Your home's humidity and temperature levels are important for reasons beyond your own personal comfort. Humidity and temperature extremes cause a variety of problems. To avoid problems like sticking doors, cracking floors and more, you need to keep your home within acceptable temperature and humidity levels.
Temperature -- Winter
In the winter, most homes use a furnace to regulate the temperature of the house to a comfortable level. The average temperature of a home in the winter ranges between 68 and 70 degrees. While some people might like the house warmer or cooler than this, this is the average level. This is also a good range to leave the house at if you are unsure what constitutes a normal temperature.
Temperature -- Summer
In the summer, it is harder to predict what the average temperature inside a home is going to be, because some people set air conditioners very cold. Madison Gas and Electric recommends keeping the thermostat at 78 degrees when you're at home in the summer. This provides a comfortable living temperature. Turn down the air conditioning and allow the heat to rise to 85 when you're not at home.
Humidity -- Summer
The humidity in your house is something you do need to control. If it gets too high, it helps molds and bacteria to grow in your home, something that could affect the health of your family. Measure humidity with a hygrometer and in the summer make sure that it stays around 50 percent. If it gets much higher than that throughout the home, you might consider the use of a dehumidifier or air conditioner in order to lower humidity levels.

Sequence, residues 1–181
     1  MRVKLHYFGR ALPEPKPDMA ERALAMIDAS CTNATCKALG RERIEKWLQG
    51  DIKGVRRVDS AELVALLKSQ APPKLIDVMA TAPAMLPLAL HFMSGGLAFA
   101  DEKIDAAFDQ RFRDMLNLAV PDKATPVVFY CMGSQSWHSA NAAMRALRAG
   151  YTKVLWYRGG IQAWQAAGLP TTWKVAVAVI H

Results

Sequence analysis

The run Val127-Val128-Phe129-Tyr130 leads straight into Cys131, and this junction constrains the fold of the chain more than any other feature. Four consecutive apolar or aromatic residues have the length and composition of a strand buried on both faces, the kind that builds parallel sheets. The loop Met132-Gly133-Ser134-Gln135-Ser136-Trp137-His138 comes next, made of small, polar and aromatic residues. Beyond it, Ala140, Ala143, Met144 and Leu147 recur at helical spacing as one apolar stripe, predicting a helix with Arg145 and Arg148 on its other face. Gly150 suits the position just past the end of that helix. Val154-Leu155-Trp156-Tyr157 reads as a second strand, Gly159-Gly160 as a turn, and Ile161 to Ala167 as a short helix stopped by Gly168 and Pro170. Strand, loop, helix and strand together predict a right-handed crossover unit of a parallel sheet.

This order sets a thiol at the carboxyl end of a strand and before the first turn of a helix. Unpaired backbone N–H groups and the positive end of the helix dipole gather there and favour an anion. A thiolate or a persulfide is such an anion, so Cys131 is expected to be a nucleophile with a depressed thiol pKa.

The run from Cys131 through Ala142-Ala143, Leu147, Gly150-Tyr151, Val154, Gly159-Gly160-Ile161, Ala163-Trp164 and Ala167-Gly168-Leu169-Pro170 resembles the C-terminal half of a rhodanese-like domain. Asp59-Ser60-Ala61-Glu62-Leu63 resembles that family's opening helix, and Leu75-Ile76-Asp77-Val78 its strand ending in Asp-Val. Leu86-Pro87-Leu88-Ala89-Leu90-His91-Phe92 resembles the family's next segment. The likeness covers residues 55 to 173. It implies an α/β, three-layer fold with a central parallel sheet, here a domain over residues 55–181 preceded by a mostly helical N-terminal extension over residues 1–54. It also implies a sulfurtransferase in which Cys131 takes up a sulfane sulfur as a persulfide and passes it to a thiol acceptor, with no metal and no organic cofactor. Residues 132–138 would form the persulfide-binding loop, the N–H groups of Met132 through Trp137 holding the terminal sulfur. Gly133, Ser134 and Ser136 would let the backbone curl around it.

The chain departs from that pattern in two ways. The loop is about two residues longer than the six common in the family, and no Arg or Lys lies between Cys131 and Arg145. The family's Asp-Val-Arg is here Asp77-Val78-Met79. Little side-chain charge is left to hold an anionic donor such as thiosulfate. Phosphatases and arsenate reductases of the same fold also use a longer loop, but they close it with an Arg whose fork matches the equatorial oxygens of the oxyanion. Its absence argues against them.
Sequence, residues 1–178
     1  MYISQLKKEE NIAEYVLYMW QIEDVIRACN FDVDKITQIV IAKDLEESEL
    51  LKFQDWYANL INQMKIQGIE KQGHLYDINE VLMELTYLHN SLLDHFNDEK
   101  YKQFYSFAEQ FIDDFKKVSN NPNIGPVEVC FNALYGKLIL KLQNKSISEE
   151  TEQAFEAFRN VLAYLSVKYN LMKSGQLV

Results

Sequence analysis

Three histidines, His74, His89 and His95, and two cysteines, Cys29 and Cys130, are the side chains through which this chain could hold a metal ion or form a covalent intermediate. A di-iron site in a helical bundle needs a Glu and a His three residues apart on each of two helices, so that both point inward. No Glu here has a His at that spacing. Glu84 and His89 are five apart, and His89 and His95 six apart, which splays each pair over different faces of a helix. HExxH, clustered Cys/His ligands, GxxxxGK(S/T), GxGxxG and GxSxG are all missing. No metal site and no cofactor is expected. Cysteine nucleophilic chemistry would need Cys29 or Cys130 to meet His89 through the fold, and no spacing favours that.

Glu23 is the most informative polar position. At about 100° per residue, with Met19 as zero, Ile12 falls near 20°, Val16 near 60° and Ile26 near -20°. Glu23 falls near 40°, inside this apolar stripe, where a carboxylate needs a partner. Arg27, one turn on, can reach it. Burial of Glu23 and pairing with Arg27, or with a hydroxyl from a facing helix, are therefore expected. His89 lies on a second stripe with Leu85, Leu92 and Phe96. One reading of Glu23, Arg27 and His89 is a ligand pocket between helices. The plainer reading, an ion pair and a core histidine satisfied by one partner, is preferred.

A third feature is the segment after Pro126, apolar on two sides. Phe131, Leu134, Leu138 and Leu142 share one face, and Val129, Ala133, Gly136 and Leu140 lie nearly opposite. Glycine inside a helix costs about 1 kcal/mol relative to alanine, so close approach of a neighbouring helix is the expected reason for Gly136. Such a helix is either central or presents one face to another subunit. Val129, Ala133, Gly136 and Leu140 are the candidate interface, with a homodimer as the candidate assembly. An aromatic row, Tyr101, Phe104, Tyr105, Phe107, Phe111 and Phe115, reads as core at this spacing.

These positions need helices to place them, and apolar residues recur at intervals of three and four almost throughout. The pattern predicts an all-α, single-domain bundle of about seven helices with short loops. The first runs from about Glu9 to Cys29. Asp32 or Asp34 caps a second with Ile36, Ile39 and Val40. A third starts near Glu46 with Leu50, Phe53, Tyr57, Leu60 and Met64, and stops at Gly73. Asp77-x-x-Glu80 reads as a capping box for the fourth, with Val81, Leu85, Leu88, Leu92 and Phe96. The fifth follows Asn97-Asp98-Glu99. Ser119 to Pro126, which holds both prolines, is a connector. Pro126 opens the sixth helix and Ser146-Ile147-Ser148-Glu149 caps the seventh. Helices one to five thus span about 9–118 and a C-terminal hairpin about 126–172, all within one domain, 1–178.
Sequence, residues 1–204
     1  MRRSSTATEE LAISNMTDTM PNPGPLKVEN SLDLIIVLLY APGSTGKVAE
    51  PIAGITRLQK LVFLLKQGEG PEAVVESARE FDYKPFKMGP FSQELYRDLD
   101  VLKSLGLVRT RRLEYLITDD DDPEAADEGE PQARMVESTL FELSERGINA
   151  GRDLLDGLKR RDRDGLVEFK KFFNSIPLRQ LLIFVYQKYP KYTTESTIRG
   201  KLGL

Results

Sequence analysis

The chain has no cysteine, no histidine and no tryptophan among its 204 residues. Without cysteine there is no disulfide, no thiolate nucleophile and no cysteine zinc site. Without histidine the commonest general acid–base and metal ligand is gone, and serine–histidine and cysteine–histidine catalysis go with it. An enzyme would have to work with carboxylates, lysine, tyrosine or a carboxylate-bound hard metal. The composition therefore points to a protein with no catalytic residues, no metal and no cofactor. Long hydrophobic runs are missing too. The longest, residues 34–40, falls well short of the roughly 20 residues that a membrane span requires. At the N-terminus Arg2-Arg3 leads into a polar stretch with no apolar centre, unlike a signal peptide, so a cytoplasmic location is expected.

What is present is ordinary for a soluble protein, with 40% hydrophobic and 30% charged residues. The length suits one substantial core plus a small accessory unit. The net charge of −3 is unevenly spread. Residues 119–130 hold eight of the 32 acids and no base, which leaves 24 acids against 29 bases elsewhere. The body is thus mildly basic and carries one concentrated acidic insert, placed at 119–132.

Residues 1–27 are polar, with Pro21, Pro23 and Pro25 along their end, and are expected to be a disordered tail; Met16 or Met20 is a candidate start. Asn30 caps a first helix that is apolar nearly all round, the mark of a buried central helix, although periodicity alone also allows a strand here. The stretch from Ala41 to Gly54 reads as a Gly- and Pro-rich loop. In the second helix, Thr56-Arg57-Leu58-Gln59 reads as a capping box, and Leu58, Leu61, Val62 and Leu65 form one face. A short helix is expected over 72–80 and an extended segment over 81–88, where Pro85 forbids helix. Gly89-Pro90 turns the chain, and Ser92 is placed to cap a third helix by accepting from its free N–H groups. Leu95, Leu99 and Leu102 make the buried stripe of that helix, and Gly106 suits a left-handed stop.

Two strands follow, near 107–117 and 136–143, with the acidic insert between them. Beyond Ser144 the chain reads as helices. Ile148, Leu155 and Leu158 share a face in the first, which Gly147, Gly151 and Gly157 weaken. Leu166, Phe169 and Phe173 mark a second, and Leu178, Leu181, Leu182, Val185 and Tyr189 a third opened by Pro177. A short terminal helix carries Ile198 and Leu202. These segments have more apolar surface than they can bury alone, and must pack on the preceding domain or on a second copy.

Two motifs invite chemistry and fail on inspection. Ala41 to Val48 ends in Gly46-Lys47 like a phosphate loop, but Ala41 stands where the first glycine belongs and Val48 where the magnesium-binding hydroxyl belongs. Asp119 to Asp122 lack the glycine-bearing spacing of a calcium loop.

Humidity -- Winter
In the winter, the humidity will naturally be lower in the home than it is in the summer. If the levels get too low, a humidifier can help raise the humidity. In the winter, humidity of between 30 and 40 percent is considered normal. If it gets much lower than 30, you risk problems with dry skin and and irritating cold-like symptoms.
- Canadian Mortgage and Housing Corporation: Setback Thermostats
- Madison Gas and Electric: Thermostat Settings
- Living With My Home: High Humidity in the Home
- North Dakota State University; Keep Your Home Healthy; Kenneth Hellevan
- Missouri Department of Natural Resources: Residential Energy Efficiency - Moisture Control
- The Weather Channel: Controlling Indoor Humidity
- University of Georgia; Moisture Control in Homes; Dale Dorman, MS
Hans Fredrick has been busy in the online writing world since 2005. He has written on diverse topics ranging from career advice for actors to tips for motorcycle maintenance. He holds a Bachelor of Fine Arts from the University of Saskatchewan.